This week’s highlight was winning a ticket to the 2013 Mumsnet BlogFest (for more details, click here)! I really was in shock! I went last year when my blog was but a month old, and was bowled over by the amazing group of bloggers I met, and the quality of the panels for the various topics up for discussion, so I am thrilled to be going again this year. I am looking forward to catching up with blogging friends, and meeting some more lovely people (if you are going, let me know, so I can say hi!) and hearing speakers such as Tanya Byron, the inspirational Jack Monroe from A Girl Called Jack and a whole host of fellow bloggers. Yippee!
So, from BlogFest to, er, mince! (nice segue there…) I recently discovered that there are recipe books devoted entirely to mince. I kid you not. From Favourite Mince Recipes and Marvellous Meals with Mince (by cookery doyenne Josceline Dimbleby no less) to the imaginatively titled Mince! it would appear that us Brits genuinely love the stuff. Certainly, it’s versatile, and children do tend to love it. So is there life beyond spaghetti bolognaise, which I make quite often (i.e. all the time)? I felt compelled to try something different… and so, I bring you chile con carne! It is so easy to make, I hope this will fast become a tea-time hit in your house, too.
I was particularly keen to try chile on the children, because kidney beans are a great source of fibre, protein and B vitamins and provide slow-releasing energy – perfect for active kids (and super heroes…), and I want them to eat more pulses. But I was conscious that adding chilli would make it instantly spicy, and hence a risky option, so I just use cumin and coriander.
So, don’t panic, it’s not spicy – it just has a lovely rich, warming flavour, primarily from the cumin, which gives it that Mexican chile-style hit. Initially I was a bit nervous about the reaction I’d get to the kidney beans, so rather than serving the chile with rice, I served it in tortilla wraps to hide the kidney beans (I know, I know), with a bit of rice, grated cheese, cut-up avocado and a dollop of sour cream. No complaints about kidney beans. In no fact complaints about anything – they loved it. And, alongside the good old faithful spag bol, this has become a family favourite.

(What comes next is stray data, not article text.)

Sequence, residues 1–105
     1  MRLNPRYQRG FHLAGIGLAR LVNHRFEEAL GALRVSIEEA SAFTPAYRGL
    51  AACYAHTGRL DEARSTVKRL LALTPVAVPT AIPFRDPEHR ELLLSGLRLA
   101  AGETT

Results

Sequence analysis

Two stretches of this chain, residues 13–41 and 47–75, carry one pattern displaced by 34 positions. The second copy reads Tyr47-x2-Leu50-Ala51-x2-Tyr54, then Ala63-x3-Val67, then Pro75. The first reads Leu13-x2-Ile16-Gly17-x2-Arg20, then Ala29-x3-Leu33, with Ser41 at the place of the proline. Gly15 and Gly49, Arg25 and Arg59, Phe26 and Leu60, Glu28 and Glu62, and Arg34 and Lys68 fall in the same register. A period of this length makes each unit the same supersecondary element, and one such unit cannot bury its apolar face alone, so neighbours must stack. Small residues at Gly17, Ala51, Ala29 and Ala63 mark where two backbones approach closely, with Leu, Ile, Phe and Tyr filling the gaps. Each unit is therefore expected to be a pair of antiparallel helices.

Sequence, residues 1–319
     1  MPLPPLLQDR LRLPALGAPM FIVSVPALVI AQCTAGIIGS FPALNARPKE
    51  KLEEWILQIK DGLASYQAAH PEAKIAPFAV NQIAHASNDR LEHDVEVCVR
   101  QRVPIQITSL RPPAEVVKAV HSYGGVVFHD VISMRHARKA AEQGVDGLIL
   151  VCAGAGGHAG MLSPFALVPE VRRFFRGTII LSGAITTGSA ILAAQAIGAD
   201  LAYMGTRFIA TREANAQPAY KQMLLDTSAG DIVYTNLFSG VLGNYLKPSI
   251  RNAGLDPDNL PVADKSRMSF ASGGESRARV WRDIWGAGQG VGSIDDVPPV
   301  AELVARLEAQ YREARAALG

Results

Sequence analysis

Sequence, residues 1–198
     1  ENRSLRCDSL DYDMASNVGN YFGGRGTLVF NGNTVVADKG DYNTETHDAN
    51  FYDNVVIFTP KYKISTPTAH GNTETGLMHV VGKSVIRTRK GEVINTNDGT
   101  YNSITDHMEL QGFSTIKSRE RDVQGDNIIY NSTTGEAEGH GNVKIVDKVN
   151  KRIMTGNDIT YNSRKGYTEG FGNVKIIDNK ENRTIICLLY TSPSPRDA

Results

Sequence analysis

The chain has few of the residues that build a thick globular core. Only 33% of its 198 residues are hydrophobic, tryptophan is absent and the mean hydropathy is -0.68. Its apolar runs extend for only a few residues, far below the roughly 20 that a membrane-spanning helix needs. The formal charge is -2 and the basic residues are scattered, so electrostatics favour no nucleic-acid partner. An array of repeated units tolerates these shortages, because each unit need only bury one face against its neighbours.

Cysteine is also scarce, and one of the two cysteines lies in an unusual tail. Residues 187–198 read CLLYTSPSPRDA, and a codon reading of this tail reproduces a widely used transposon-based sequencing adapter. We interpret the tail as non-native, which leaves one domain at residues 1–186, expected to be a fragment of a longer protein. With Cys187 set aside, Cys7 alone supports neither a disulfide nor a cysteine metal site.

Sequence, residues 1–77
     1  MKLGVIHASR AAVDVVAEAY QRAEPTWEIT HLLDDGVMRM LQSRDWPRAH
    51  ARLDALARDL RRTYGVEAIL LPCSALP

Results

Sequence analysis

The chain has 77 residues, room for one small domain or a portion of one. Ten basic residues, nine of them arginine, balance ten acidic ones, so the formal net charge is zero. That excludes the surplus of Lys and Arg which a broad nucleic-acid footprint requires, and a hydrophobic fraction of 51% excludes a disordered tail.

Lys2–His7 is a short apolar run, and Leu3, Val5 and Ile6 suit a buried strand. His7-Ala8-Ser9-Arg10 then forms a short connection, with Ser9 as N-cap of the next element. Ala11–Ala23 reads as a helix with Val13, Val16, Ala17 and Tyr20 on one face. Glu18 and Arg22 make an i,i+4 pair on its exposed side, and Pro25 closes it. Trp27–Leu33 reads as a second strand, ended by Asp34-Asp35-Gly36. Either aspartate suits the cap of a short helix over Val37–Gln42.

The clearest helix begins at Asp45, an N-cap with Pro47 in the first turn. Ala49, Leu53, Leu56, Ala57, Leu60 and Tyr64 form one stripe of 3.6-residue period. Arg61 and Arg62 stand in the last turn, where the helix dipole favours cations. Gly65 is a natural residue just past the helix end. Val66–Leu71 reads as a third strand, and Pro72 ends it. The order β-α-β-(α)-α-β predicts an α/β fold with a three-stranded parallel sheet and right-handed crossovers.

You do need time to make it – while it’s dead easy to throw together, and hence the perfect recipe for a busy parent, it needs 1½ hours in the oven so make sure you have a window of time available. You also need a decent pan which will transfer from the hob to the oven. It freezes really well and makes an easy meal when friends come to play.
Perfect for bonfire night, served with jacket potatoes, or boiled rice (with a dollop of sour cream and some grated cheddar), or go the whole hog and do the tortilla wrap option – it’s delicious, I promise. Oh, and for the grown-ups, add a nice glass of red. In fact, I even asked lovely Helen from The Knackered Mother’s Wine Club what wine she’d recommend, and she suggests La Posta Argentinian Malbec from Majestic or Tesco Finest Chilean Carmenere.
Don’t say I’m not good to you.
Chile con Carne
Makes 8–10 child-sized portions
You will need:
1 tbsp of olive oil
1 onion, chopped
1 small red pepper, chopped*
400g beef mince
1 tsp ground cumin
1 tsp ground coriander
2 tsp whole cumin seeds
1 x 400g tin kidney beans, drained and rinsed
1 x 400g tin of tomatoes
Salt and freshly ground black pepper
What to do:
- Preheat the oven to 160C/140C Fan/320F
- Heat the oil in a heavy bottomed oven proof pan (I use my Le Creuset) and sauté the onions, peppers and mince allowing the meat to brown a little.
- Add the cumin and coriander and stir well.
- Add the kidney beans, tomatoes and water, season well, and bring to a gentle simmer.
- Cover with a lid and put in the oven for 1½ hours, stirring every 30 minutes or so.